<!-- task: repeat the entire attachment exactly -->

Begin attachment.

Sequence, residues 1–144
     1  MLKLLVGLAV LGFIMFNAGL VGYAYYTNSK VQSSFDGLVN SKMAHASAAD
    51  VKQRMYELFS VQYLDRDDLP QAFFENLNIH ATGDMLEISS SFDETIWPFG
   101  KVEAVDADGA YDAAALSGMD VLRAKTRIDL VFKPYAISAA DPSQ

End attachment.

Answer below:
Sequence, residues 1–144
     1  MLKLLVGLAV LGFIMFNAGL VGYAYYTNSK VQSSFDGLVN SKMAHASAAD
    51  VKQRMYELFS VQYLDRDDLP QAFFENLNIH ATGDMLEISS SFDETIWPFG
   101  KVEAVDADGA YDAAALSGMD VLRAKTRIDL VFKPYAISAA DPSQ